Sun, Feb 20, 2005 - Page 17 News List

Environmental index puts Taiwan at bottom of the heap

Despite imperfect data used in the analysis, experts agree that Taiwan ranks embarrassingly low

By Max Woodworth  /  STAFF REPORTER

Furthermore, only countries for which less than 46 reported variables were provided were dropped from the survey. Taiwan was well within the range for which the available data could produce a reliable result.

A detailed review of the index's sensitivity analysis, which might affect the volatility of a country's ranking, convinced legislator Dang that the results were, in fact, reliable, though he also expressed reservations about the quality of the data used in the report.

Imperfect but still alarming

Yet regardless of whether Taiwan's 2005 ESI ranking is fair or not, there was unanimous agreement among those interviewed that the report highlighted Taiwan's urgent need to engage the research team more proactively to provide more thorough and updated data and also to assist in fine-tuning the report.

"We should not reject the ESI simply because we don't like the result," Yeh said. "We need to become more involved in the survey so that it can become a useful tool to guage our performance."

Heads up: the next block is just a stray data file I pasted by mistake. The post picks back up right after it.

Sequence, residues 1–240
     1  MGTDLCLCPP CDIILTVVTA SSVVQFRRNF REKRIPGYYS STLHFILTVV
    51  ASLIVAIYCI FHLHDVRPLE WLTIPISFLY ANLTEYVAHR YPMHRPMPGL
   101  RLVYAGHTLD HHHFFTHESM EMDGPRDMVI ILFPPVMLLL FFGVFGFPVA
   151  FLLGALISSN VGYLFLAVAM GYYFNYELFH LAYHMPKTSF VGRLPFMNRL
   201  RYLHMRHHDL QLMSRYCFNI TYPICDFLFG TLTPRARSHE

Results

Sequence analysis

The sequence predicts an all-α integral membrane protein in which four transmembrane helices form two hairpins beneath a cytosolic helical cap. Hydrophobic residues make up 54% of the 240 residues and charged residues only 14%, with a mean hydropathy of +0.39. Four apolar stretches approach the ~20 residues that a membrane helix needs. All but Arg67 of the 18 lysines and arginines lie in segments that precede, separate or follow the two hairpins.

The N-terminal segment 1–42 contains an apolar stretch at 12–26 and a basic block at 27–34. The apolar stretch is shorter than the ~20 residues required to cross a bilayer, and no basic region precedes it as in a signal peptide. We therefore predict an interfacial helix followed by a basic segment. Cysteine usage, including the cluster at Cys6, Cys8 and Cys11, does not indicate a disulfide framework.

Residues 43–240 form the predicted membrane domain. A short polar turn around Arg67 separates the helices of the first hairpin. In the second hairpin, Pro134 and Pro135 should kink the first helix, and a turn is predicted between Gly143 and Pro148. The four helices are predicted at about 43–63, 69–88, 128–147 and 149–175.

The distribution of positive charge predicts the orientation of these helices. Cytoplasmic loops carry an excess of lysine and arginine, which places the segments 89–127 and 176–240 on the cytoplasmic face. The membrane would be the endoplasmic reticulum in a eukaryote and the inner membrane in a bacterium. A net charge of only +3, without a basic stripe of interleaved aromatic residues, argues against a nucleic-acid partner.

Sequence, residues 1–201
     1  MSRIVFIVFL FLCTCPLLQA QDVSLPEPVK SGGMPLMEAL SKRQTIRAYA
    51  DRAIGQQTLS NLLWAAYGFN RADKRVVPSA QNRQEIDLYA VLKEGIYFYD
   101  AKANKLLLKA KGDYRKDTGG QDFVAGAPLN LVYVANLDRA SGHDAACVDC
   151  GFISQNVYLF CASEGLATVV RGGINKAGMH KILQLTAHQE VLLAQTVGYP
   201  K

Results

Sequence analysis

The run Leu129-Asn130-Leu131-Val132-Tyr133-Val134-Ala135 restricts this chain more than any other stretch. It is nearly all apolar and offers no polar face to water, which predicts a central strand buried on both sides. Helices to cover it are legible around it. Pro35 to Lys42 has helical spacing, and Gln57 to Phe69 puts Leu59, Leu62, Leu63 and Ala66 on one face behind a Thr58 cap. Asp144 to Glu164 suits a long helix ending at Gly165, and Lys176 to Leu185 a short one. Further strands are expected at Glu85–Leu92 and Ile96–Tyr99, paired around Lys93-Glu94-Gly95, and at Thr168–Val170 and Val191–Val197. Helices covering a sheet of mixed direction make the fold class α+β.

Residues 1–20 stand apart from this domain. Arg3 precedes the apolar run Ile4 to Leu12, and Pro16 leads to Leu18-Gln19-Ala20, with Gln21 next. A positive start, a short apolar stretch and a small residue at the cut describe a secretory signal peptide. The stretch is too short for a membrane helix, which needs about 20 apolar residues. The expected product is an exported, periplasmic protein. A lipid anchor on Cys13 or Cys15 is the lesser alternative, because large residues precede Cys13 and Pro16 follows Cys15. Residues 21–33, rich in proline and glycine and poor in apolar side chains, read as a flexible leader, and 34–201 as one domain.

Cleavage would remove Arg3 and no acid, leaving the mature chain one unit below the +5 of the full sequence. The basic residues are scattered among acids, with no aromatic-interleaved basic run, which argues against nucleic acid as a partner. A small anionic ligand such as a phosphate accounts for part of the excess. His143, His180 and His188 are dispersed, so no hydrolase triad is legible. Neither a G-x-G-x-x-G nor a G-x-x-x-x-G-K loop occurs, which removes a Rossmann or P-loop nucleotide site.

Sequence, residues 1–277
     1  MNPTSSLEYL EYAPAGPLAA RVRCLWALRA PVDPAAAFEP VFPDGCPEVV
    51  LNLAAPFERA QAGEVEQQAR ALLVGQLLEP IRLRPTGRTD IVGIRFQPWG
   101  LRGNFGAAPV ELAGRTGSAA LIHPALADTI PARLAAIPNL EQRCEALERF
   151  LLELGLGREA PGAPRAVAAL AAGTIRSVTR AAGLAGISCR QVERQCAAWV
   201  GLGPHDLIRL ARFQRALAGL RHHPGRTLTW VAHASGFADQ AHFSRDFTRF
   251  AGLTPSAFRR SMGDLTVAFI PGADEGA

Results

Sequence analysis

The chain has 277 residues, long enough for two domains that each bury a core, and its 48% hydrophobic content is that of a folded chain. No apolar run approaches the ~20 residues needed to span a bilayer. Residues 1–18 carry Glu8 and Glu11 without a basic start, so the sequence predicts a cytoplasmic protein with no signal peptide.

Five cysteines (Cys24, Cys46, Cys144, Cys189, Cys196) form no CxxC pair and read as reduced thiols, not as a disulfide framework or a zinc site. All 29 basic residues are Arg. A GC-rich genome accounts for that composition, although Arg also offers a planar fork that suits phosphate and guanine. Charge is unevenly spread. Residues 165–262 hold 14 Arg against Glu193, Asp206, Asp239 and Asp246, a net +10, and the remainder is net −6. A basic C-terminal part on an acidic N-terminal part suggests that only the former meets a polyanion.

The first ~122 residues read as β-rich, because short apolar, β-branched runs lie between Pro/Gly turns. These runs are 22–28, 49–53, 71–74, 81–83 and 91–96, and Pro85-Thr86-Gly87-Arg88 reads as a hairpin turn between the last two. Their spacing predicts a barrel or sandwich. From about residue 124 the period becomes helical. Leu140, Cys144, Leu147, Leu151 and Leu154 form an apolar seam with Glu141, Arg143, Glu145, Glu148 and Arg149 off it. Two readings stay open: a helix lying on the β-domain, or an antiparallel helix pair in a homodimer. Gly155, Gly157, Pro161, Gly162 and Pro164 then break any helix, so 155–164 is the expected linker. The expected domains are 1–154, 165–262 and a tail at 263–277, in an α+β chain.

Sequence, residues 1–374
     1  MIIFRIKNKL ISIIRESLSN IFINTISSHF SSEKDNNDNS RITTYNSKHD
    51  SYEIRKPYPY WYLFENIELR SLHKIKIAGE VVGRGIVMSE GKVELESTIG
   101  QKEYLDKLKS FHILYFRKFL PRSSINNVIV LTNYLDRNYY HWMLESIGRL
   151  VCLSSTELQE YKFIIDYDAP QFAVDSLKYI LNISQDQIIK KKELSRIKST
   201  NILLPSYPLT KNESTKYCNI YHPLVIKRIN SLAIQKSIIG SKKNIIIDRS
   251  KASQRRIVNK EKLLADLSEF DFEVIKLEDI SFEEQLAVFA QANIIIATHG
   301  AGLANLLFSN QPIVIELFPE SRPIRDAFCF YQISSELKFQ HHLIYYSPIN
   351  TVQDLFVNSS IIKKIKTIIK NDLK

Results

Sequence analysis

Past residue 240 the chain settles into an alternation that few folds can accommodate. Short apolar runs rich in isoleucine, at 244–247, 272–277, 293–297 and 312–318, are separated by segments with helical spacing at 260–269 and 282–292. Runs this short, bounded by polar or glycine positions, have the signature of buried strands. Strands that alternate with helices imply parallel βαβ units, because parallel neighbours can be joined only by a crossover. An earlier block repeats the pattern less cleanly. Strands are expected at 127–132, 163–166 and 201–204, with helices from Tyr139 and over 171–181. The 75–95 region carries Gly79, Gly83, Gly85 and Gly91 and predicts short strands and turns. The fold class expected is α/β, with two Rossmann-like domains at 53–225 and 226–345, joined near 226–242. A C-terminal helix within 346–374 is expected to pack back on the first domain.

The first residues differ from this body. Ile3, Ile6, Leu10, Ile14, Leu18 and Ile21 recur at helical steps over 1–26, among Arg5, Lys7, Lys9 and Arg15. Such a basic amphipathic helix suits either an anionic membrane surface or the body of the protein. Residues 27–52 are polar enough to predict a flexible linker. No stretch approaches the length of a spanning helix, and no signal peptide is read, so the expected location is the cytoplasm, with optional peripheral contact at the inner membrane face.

The result of the current ESI -- and even Esty's more generous ranking near 120 -- was also viewed as a signal that there was little time to waste in improving Taiwan's environmental protection.

"Improving our performance will hinge upon compliance and enforcement of existing laws, which have long been weak points in Taiwan. This will require concerted efforts from the government, but also from social groups keeping pressure on government to maintain momentum in fixing environmental damage and choosing the correct course for sustainability," Dang said.

"Unfortunately, momentum from social groups appears to have waned in recent years. People seem bored. Reversing that trend will require more education," he said.

Though there is little likelihood that the ESI report will affect policy in the way that it did in South Korea, according to Tsao Shih-cheng, a consultant at the National Council for Sustainable Development, there are plans to invite representatives of the research team to Taiwan to exchange views on the index and to establish more channels of communication between the two sides.

"We need to recognize our limits and begin to work within them. In this respect, the ESI is helpful in considering how to improve," Yeh said.

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